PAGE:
Cambodian police officers direct traffic in Phnom Penh. Pic: AP.

PHNOM PENH, Cambodia (AP) — People in Phnom Penh boarded city buses Wednesday for the first time in over a decade, as authorities introduced a public transportation system aimed at relieving traffic jams in the Cambodian capital.

Phnom Penh’s City Hall launched a one-month pilot program Wednesday, with 10 air-conditioned buses traveling a single route that includes 36 stops through the city center.

If the program is successful, more buses and routes will be added, said Koeut Chhe, a senior City Hall official.

The last time Phnom Penh had public buses was for a brief period in 2001, but the service was canceled after two months due to lack of interest from the motorbike-riding public.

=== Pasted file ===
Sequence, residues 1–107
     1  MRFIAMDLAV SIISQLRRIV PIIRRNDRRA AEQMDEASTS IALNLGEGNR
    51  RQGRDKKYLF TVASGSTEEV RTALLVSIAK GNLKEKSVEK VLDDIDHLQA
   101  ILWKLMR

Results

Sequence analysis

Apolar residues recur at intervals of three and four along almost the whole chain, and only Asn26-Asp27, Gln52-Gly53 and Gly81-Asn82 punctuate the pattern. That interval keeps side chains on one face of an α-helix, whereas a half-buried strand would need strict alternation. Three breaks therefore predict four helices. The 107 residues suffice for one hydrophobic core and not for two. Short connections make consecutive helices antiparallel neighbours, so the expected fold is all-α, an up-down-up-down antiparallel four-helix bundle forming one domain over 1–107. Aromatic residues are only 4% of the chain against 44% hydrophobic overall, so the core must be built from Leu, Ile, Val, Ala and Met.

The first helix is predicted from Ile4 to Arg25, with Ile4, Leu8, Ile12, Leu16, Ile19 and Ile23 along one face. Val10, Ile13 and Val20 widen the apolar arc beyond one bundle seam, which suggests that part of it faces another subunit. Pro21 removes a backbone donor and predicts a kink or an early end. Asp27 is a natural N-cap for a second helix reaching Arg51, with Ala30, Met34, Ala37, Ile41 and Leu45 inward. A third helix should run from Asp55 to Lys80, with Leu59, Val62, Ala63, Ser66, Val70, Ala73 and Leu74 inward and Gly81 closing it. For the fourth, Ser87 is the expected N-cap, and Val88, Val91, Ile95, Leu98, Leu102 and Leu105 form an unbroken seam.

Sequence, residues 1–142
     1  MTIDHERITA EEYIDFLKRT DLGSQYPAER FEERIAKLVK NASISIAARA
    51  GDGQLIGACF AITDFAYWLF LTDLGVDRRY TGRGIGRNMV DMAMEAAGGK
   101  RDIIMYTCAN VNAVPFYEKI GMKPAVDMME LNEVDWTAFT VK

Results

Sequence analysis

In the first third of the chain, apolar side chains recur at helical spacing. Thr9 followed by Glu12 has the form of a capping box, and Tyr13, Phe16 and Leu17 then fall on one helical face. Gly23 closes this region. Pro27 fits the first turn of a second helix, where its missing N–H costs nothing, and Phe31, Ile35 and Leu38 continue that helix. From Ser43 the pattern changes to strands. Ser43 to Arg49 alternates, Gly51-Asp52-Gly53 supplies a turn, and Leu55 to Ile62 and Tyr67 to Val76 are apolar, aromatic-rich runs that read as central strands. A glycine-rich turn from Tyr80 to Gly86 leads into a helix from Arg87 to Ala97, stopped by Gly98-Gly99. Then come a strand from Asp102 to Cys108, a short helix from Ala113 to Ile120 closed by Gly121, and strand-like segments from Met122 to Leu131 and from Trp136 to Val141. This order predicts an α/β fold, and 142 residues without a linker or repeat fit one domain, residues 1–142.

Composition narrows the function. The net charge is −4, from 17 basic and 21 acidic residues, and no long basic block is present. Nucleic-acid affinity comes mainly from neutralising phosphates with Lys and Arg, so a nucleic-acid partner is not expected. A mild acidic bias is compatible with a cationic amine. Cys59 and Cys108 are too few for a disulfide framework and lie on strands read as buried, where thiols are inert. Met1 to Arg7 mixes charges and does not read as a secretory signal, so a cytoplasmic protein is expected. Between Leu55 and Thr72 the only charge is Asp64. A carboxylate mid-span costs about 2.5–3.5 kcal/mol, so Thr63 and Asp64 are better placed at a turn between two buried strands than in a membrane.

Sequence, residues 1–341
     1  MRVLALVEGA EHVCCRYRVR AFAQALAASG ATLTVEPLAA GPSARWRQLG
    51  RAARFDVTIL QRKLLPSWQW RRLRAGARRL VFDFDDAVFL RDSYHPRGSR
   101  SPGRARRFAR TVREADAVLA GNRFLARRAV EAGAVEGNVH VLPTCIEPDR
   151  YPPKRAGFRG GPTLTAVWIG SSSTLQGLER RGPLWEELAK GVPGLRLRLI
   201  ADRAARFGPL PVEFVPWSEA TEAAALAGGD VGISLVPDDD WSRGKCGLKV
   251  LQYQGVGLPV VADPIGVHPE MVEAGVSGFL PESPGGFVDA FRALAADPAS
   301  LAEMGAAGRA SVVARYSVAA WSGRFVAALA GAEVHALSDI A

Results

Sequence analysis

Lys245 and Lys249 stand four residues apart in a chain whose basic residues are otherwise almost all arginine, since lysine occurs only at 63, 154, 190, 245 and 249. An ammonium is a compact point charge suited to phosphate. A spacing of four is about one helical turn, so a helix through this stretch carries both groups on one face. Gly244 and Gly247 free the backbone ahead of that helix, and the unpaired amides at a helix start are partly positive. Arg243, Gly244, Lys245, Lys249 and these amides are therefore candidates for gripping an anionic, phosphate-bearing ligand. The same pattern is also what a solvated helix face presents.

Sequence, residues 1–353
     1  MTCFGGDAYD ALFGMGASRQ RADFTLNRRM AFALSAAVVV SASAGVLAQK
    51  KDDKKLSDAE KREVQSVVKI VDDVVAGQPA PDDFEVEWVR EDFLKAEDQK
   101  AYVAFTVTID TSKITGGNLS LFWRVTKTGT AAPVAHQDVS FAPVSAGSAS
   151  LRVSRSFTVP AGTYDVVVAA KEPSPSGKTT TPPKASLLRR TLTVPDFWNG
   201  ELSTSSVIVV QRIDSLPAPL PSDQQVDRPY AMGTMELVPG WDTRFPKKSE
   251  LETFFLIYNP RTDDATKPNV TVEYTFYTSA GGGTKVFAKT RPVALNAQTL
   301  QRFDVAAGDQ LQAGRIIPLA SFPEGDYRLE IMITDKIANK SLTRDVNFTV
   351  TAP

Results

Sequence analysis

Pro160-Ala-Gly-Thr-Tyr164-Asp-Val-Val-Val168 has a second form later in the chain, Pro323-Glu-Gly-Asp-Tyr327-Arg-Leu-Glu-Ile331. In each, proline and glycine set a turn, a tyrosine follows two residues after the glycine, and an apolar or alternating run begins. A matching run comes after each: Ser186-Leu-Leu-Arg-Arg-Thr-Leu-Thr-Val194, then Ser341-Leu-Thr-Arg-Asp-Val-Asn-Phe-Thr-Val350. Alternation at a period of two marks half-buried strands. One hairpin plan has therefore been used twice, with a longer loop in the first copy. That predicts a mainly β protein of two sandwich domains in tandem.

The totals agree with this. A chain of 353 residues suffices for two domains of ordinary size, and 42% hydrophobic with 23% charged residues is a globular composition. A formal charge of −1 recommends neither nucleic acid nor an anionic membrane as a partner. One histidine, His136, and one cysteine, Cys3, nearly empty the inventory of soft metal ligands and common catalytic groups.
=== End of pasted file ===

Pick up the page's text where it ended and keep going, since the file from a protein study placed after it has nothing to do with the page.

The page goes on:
Currently, the city of roughly 1.5 million people has about 1.5 million motorbikes and more than 30,000 cars clogging the roads, according to Koeut Chhe,

“Public buses can help reduce the traffic jams,” he said. “We want to change the attitude of Cambodian people and convince people to use public transportation.”

The current and previous bus programs were funded by a Japanese government agency, the Japanese International Cooperation Agency, which helps with developmental projects in Cambodia.

It costs a flat rate of 1,500 riel (35 cents) for a single ticket, which is at least three times cheaper than the cost of a motorbike taxi for the full route.